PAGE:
How To Get Music Off your iPhone

A couple of months back I wrote a post about how the iPod stores music internally and how you could use that knowledge to retrieve music stored on your iPod without using any external tools. This is made possible because of the fact that the iPod identifies itself as a USB connected external disk and let’s a user browse the contents of it’s filesystem using almost any operating system.

An iPhone on the other hand is an even more closed system than the iPod. While Apple atleast has opened the filesystem of an iPod, the iPhone doesn’t even let a user browse it’s filesystem contents. The only way then to manage the music on your iPhone is using a compatible version of iTunes. Right ?

Well, yes and no. While it is true that the only official method to manage music on the iPhone is using iTunes, a lot of enterprising hackers have been able to decrypt the protocol that iTunes uses to communicate with the iPhone and have created standalone utilities that let a user do stuff that Apple never wanted iTunes to do, like copy music off an iPhone.

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How To Get Music Off your iPod

iTunes LogoApple’s iPod is the most popular media player on the planet and together with the iTunes software and music store command almost 90% of the market for digital music and music players.

With the amount of money at stake, it is not a surprise that Apple likes to maintain tight control over the iTunes/iPod ecosystem. For example, officially the only way to manage music on an iPod is to use the iTunes software. And even then music can only be copied from the computer to the iPod, not the other way round.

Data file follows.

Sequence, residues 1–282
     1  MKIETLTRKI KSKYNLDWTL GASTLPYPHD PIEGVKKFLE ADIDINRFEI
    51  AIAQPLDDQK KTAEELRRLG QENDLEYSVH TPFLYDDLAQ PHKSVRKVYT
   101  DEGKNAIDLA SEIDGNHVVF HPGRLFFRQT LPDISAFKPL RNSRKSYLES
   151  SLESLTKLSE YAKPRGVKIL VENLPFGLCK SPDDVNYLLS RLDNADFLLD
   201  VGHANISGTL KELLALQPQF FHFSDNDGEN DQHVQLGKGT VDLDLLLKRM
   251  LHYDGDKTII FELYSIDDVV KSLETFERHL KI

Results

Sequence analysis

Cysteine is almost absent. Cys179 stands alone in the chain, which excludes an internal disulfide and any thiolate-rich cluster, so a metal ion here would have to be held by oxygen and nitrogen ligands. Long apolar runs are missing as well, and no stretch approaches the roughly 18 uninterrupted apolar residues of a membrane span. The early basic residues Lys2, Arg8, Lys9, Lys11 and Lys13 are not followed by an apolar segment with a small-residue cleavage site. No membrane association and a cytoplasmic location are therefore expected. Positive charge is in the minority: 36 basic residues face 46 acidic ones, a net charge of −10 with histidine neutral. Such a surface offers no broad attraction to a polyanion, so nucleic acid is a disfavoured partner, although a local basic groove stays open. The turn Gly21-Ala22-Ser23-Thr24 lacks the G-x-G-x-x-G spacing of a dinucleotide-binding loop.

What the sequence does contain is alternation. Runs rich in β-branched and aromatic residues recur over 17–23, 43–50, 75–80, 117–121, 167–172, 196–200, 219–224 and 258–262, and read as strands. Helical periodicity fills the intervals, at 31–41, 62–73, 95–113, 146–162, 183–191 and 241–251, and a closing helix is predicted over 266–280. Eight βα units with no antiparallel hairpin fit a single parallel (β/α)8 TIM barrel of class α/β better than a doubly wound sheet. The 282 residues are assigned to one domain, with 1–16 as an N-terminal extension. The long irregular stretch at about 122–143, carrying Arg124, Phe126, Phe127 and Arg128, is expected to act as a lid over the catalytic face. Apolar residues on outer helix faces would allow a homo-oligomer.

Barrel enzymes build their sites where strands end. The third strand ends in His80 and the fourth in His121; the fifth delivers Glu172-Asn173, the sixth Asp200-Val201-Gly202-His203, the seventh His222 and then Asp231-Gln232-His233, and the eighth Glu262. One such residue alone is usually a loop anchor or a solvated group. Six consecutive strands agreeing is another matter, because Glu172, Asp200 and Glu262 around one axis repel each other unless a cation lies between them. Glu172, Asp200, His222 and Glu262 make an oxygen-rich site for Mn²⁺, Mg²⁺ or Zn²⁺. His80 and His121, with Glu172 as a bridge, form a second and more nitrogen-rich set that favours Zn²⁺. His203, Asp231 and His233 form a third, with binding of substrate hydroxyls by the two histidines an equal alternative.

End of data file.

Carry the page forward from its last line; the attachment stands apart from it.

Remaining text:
If your computer crashes or you happen to change your computer, you’re out of luck as far as your music is concerned, since iTunes won’t let you copy it back.

Unless you follow this guide and do as I tell you to.

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Announce your musical tastes on Twitter using Tunes Tweeter

Tunes Tweeter There is no denying the fact that Twitter is an extremely popular web service. In fact, Twitter is more than just a web service, It is a cultural phenomenon which is going to slowly but surely take over our lives. The service is spreading like a wild fire and the user base is growing at a breakneck speed. It is everywhere – Twitter is being discussed in the media, around the blogosphere and everywhere in between.

Most Tweeps (That’s the term used to refer to people who use twitter) use Twitter to share random quotes, funny jokes and useless poetry but some actually have good engaging conversations on it. And that is where the power of Twitter lies. The ability to let normal people have conversations, cutting across all the technical and physical barriers.

If you think about it, Twitter should have been the first application every developed by mankind because it mimics the most primitive and basic nature of humans. Talking. And socialising with like minded folks. That is what Twitter is all about and that is what makes Twitter so powerful and useful.